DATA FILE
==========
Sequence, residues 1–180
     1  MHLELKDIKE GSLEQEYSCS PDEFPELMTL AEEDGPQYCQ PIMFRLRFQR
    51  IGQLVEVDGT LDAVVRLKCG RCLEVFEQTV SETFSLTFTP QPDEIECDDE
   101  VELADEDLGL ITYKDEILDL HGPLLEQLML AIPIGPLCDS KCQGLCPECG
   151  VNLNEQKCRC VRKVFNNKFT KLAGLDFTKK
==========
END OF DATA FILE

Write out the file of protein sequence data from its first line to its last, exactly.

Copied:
Sequence, residues 1–180
     1  MHLELKDIKE GSLEQEYSCS PDEFPELMTL AEEDGPQYCQ PIMFRLRFQR
    51  IGQLVEVDGT LDAVVRLKCG RCLEVFEQTV SETFSLTFTP QPDEIECDDE
   101  VELADEDLGL ITYKDEILDL HGPLLEQLML AIPIGPLCDS KCQGLCPECG
   151  VNLNEQKCRC VRKVFNNKFT KLAGLDFTKK